Microsoft: Stripped-down Windows isunfeasible, scientist claims

A computer scientist claimed it was technically unfeasible for Microsoft to produce a stripped-down version of Windows.

A computer scientist claimed it was technically unfeasible for Microsoft to produce a stripped-down version of Windows.

Microsoft's last witness, John Bennett, a computer science professor at the University of Colorado, said producing a Windows version with stripped-out components would add four to six months of testing for each variant of the opportunity system. The number of versions to test "grows exponentially" with the number of removable components, he argued.

That was a conclusion based on a telephone interview Bennett conducted with Microsoft employees and his experience with servers.

But states' attorney Steven Kuney wanted to know what Bennett did to verify that conclusion. Bennett acknowledged that he had made no attempt to determine the specifics of what would happen.

The states want to force Microsoft to make it possible to remove Web browser code from the operating system. Bennett acknowledged that it is "not a technically impossible job to remove the code" but that the functionality would have to be replaced.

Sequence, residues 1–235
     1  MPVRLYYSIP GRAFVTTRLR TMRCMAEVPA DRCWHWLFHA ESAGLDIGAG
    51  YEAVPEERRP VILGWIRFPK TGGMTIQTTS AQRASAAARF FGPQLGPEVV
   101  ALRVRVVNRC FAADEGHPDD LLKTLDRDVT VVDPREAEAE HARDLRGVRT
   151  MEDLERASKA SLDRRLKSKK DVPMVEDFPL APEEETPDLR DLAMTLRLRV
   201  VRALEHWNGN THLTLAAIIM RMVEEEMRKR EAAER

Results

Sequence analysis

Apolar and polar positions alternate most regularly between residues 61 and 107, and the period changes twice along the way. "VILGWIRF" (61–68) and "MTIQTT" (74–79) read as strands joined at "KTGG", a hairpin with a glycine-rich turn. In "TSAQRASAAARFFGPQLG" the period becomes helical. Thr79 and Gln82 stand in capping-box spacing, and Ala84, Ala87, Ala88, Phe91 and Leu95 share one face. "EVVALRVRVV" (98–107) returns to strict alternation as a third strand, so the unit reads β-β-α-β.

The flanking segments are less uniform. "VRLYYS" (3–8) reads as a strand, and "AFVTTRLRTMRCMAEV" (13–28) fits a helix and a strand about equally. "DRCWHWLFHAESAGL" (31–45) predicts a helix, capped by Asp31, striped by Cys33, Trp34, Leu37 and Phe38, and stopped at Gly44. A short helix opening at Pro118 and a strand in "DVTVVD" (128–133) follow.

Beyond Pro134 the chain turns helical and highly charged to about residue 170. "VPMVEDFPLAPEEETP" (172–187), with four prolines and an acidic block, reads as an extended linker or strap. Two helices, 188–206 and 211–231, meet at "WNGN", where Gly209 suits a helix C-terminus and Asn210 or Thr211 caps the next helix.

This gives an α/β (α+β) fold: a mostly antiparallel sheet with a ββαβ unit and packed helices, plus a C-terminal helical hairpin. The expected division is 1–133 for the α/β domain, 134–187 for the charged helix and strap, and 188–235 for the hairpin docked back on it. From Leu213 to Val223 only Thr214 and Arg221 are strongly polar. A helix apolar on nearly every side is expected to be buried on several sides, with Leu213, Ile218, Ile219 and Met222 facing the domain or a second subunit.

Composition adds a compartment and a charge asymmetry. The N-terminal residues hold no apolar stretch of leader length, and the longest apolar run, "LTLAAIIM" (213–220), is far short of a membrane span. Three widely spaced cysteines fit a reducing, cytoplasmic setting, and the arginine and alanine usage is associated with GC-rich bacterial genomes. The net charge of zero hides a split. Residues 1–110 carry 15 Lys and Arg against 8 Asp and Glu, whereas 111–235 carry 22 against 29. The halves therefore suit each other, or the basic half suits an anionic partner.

But after 32 days of evidentiary hearings, it will soon be up to US District Judge Colleen Kollar-Kotelly to determine the remedies the company should face for its antitrust violations.

Kollar-Kotelly faces tough choices. Microsoft chairman Bill Gates has warned the judge that if Microsoft is forced to produce a stripped version of Windows, it will mean the end of the operating system.

But the heart of the nonsettling states' case is the provision that allows PC makers to substitute rival software such as the browser or media player for Microsoft applications. The nine nonsettling states see that as critical to restoring competition.

Kollar-Kotelly has favoured Microsoft in many of her procedural rulings, according to legal experts and people close to the case. What is unclear is whether the judge is signalling sympathy for the software giant, or merely acting carefully and closing off Microsoft's potential avenues of appeal.

The job ahead for Kollar-Kotelly is to decide whether to accept or reject the settlement reached with Microsoft by the Bush administration and nine of the 18 states. That settlement is the baseline, and the states seeking more restrictive remedies faced the tougher task in this proceeding.

Despite a lack of clear signals from the judge, legal experts doubt Kollar-Kotelly will go as far as ordering the porting of Microsoft Office and other sweeping remedies.

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